The sun boosts morale and promotes the production of vitamin D, yes! But we sometimes forget that it can also present risks. In metropolitan France, the sun's rays are most intense between May and August, so all your outdoor activities, whether you are in your garden, on a café terrace, at the beach, in the mountains or in the countryside, when you play sports or simply when you go for a walk.... Protect yourself so that the sun remains a pleasure!
The Ministry of Health and Sports.
Everyone is exposed to UV radiation, both from the sun and from many artificial sources used in industry, commerce and recreation. The sun emits light, heat and UV radiation.
The ultraviolet region of the solar spectrum corresponds to the wavelengths 100-400nm; it is divided into three bands (attached).
When passing through the atmosphere all UVC and nearly 90% of UVB are absorbed by ozone, water vapor, oxygen and carbon dioxide. UVA radiation is less modified by the atmosphere.
HEIGHT OF THE SUN
The higher the sun is in the sky, the greater the UV radiation. Therefore, UV radiation varies with the time of day and the month of the year. Outside of the tropical zone, radiation is highest when the sun is at its highest, in the time slot around noon during the summer months.
UV radiation is at its highest when there is no cloud cover, but can be significant despite the clouds. Scattering can have the same effect as reflection from different surfaces and therefore increases the total UV radiation.
With increasing altitude, the atmospheric layer absorbs less UV radiation because it is thinner. For an increase of 1000 meters in altitude, the UV radiation increases by 10 to 12%.
The closer you get to the equatorial regions, the more UV radiation is important.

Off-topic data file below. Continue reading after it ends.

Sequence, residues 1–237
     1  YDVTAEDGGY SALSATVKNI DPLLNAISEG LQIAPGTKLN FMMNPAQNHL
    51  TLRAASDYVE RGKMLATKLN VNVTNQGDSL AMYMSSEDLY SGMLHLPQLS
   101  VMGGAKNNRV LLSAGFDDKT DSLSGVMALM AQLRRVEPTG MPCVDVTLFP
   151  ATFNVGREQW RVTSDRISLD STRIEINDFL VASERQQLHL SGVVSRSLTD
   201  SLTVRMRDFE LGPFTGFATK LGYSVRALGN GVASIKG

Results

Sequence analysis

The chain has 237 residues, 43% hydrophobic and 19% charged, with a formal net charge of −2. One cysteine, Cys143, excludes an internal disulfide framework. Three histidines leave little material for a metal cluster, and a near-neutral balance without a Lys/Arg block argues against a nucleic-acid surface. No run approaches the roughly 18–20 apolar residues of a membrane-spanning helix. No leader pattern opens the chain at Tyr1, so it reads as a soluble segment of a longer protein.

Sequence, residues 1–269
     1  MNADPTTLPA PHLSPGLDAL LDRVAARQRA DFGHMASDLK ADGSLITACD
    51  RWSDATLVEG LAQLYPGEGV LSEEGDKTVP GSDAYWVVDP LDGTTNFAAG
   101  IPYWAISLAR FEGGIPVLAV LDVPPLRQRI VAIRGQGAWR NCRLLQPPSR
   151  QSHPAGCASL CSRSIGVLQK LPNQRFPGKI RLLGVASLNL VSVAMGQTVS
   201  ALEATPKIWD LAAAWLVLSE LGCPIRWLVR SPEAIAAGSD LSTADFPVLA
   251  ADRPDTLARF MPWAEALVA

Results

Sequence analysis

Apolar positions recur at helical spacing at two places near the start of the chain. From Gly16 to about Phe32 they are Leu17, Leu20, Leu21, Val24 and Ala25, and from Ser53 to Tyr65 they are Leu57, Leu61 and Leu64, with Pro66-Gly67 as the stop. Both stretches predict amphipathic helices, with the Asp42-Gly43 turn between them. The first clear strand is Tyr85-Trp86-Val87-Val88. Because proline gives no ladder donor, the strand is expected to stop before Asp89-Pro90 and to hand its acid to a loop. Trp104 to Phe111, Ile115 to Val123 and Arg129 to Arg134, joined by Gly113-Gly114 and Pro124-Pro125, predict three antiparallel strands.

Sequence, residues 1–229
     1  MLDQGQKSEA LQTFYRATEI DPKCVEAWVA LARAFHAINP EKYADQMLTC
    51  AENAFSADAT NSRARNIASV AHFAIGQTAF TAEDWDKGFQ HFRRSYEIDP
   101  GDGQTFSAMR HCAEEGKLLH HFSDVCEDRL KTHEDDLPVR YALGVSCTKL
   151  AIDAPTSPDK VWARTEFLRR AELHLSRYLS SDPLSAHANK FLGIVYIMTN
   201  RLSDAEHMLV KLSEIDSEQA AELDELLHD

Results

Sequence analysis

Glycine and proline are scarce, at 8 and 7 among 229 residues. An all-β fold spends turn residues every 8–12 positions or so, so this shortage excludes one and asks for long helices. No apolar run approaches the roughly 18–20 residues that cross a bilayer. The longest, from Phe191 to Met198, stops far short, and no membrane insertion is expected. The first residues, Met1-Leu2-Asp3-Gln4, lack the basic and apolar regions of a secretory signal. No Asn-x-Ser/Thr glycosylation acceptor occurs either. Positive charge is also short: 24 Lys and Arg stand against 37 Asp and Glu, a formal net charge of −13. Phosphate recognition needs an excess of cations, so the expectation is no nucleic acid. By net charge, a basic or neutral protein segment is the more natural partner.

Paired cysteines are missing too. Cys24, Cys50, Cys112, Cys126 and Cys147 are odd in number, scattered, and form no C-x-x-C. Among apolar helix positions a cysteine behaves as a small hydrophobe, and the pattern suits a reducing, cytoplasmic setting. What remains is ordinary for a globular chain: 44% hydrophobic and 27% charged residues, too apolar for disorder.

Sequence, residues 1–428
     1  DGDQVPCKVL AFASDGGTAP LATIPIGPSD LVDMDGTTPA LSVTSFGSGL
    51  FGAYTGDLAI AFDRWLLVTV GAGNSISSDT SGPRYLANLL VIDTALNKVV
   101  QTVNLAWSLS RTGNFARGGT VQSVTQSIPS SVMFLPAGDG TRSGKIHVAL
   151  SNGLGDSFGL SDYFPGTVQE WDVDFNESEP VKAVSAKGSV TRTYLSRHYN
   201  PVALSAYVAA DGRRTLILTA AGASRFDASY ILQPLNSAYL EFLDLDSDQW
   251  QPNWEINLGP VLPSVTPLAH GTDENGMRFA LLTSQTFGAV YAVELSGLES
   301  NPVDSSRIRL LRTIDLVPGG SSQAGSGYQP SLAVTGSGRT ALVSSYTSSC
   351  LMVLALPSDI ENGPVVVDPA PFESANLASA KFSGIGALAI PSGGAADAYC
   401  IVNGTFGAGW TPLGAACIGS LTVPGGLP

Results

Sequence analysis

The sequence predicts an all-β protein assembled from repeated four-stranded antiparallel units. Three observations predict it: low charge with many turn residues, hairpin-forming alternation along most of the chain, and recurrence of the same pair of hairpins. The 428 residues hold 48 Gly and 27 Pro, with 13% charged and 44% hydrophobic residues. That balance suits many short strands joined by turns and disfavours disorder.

Ozone absorbs part of the UV radiation, preventing it from reaching the earth's surface in its entirety. The thickness of the ozone layer varies with the time of year, and even during the day.
REFLECTION BY THE EARTH'S SURFACE
UV radiation is more or less reflected or diffused depending on the surface: fresh snow can reflect up to 80% of UV radiation, dry beach sand about 15% and sea foam on the ocean surface about 25%.
According to the Ministry of Health and Sports, ultraviolet rays can cause irreversible damage, and in the most serious cases, death.
At too high a dose, exposure to UV rays causes burns, which is called sunburn. The skin is red and painful. Afterwards, it peels, signalling the death of millions of cells.
The deeper the layers of the skin are affected, the more severe the sunburn.
At the same time, repeated sunburns strongly increase the risk of skin cancer, especially if they occurred during childhood.
With skin that is thinner than that of adults and not prepared for the sun, children must be the focus of our attention.
At birth, each individual has a sun capital that will help him or her fight against a certain amount of UV rays. When this capital is exhausted, the body is no longer able to repair the damage caused by the sun. The earlier a child is exposed to the sun, the more his or her sun capital is depleted. To save this reserve, the only solution is to adopt effective protection from a very young age.
- On the skin: sunburn, premature aging, allergies, cancers (melanoma and carcinoma).
- For the eyes: serious lesions can appear in the short term like ophthalmia (sunburn of the eye) or in the long term like cataract or retinal degeneration.
To communicate the level of risk from exposure to the sun, the World Meteorological Organization and the World Health Organization recommend using a universal scale called the UV Index.
This numerical index (from 1 to 11+, i.e. 11 and above) reflects the intensity of ultraviolet radiation and its health impact on the skin.
It is quite easy to calculate the number of minutes you can safely stay in the sun. Below is a UV index number for each phototype. This is the only number to remember.
You divide this number by the UV index level and you have the number of minutes you are protected.
You are type 3, so your UV index number is 200. When the UV index is level 7, you divide 200 by 7. This means you can safely stay in the sun for about 30 minutes. If you want/need to stay in the sun longer, you need to protect yourself from UV rays properly.
According to the Cancer Federation.